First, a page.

In a classic zero-current/zero-voltage (ZC/ZV) converter, the amplitude of the resonant circuit’s signal can be hundreds of volts. Compare that to a sine amplitude converter (SAC), where the oscillation is just a few volts peak to peak. In the former case, the high amplitude is required because the classic ZC/ZV converter processes energy serially.

The SAC depends on minimization of transformer leakage inductance to minimize its Q. This may seem counter-intuitive given that oscillator design typically requires high values of Q. However, in the case of the SAC, the goal is to minimize the energy stored in the transformer’s leakage inductance. That’s because the more energy stored in the leakage inductance, the slower the response of the converter and the greater the transformer’s resistance and its losses.

In the SAC, lowering the Q actually leads to higher conversion efficiency, despite the fact that the fraction of energy lost in the tank circuit rises as its Q is lowered. Although tank circuit losses rise in proportion to 1/Q, the total amount of energy stored in the tank circuit drops—more rapidly—in proportion to Q^{2}. In other words, because much less energy is stored in the tank circuit at lower Q values, you can afford to lose a greater percentage of this energy and still achieve a net decrease in converter losses.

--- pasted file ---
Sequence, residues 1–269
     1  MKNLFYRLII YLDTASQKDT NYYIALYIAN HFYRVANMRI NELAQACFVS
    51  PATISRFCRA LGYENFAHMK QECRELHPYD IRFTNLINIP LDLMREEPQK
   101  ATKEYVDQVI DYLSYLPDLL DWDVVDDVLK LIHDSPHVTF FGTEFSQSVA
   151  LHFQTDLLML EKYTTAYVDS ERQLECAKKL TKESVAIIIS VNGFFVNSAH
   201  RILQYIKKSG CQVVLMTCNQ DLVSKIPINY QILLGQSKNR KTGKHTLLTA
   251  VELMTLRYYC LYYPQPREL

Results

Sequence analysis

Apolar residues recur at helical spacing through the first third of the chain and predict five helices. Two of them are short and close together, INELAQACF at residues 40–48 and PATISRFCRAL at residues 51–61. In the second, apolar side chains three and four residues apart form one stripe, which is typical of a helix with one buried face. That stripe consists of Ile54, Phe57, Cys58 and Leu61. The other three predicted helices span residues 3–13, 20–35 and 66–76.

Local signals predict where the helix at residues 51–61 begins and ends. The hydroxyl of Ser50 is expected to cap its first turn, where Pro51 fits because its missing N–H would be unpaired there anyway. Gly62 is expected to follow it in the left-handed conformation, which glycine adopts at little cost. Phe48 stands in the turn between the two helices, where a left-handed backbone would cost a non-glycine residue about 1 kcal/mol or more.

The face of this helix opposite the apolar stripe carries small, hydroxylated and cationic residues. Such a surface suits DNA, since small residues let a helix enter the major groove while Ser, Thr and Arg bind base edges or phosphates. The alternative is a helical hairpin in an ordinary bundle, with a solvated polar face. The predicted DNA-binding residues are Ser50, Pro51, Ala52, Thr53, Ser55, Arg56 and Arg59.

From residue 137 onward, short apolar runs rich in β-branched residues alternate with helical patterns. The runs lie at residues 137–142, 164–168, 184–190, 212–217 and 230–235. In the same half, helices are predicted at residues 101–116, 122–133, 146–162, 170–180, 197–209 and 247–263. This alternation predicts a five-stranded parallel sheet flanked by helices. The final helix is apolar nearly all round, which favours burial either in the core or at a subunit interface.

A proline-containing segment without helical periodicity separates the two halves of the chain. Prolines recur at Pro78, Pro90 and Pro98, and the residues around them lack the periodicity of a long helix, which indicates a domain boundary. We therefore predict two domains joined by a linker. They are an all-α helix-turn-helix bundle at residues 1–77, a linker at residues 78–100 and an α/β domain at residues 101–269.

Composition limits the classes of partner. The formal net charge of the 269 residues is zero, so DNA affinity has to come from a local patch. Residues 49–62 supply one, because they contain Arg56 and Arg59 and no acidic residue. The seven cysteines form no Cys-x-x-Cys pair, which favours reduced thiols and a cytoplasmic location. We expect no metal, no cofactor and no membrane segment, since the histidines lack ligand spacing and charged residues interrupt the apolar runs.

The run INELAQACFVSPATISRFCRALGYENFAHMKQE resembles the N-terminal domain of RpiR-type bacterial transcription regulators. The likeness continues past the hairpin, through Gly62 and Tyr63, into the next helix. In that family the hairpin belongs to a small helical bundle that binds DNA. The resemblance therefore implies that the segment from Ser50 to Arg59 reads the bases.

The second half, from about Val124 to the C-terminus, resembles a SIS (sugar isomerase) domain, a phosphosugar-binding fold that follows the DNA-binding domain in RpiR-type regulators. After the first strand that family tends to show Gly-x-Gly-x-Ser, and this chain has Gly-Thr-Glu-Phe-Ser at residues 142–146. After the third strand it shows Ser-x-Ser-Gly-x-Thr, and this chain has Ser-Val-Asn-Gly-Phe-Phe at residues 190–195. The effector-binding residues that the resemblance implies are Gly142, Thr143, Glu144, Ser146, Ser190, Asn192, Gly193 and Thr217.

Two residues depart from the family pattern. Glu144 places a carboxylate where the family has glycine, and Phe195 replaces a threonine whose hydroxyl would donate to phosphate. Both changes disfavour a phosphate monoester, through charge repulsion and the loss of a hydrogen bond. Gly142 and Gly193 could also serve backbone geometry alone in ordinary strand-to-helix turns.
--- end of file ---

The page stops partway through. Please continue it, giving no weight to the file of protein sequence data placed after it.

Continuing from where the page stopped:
But Q can only be lowered to a point. At the very least, Q must have a value greater than 1 or the SAC will not oscillate. In practice, the Q can only be reduced to 2 or 3, otherwise the oscillation will cease to be sinusoidal—a basic requirement for ZC switching.

Comparing Q and Stored Energy

The Q associated with power-transformer leakage inductance and the energy stored in that leakage inductance vary according to the power conversion technology employed. The table indicates the resulting Q and energy storage levels, when three styles of dc-dc converters are used to generate 200 W of output. Although the pulse width modulation (PWM) converter and the SAC exhibit similar levels of Q, there is much less energy stored in the power transformer of the sine amplitude converter.

That reflects the order-of-magnitude difference in switching frequencies between the two styles of converter. Due to switching losses, the PWM converter switches at the lower frequency. That, in turn, requires a larger number of turns in the power transformer. Those extra turns and the lower switching frequency account for greater leakage inductance in the power transformer, which leads to the higher level of energy storage in the PWM converter.

In the traditional resonant forward converter with ZC/ZV switching, the leakage inductance is intentionally made high to maximize the energy stored in the transformer.